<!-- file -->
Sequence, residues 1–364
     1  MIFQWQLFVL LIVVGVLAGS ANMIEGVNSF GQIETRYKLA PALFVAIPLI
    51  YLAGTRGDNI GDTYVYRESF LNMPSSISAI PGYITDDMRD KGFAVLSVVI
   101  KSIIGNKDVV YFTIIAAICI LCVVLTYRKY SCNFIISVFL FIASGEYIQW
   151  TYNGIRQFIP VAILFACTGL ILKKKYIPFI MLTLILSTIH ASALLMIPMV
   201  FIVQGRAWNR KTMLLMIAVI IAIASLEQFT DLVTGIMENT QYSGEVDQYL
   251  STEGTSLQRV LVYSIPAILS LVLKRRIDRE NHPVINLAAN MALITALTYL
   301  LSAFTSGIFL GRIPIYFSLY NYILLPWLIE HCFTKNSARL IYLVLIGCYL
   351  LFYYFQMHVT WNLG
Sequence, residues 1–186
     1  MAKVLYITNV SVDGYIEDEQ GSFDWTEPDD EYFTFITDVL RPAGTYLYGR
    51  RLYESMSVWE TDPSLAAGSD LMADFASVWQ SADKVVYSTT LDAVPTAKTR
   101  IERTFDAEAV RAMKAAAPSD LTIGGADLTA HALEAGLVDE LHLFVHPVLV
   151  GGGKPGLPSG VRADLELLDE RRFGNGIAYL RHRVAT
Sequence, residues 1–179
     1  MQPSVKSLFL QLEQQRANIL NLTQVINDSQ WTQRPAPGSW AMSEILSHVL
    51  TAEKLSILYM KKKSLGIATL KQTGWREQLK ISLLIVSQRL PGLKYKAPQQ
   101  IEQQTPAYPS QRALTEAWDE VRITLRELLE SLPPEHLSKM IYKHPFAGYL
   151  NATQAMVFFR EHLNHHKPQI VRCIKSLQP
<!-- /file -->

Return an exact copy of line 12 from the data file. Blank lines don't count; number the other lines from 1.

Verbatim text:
    51  RLYESMSVWE TDPSLAAGSD LMADFASVWQ SADKVVYSTT LDAVPTAKTR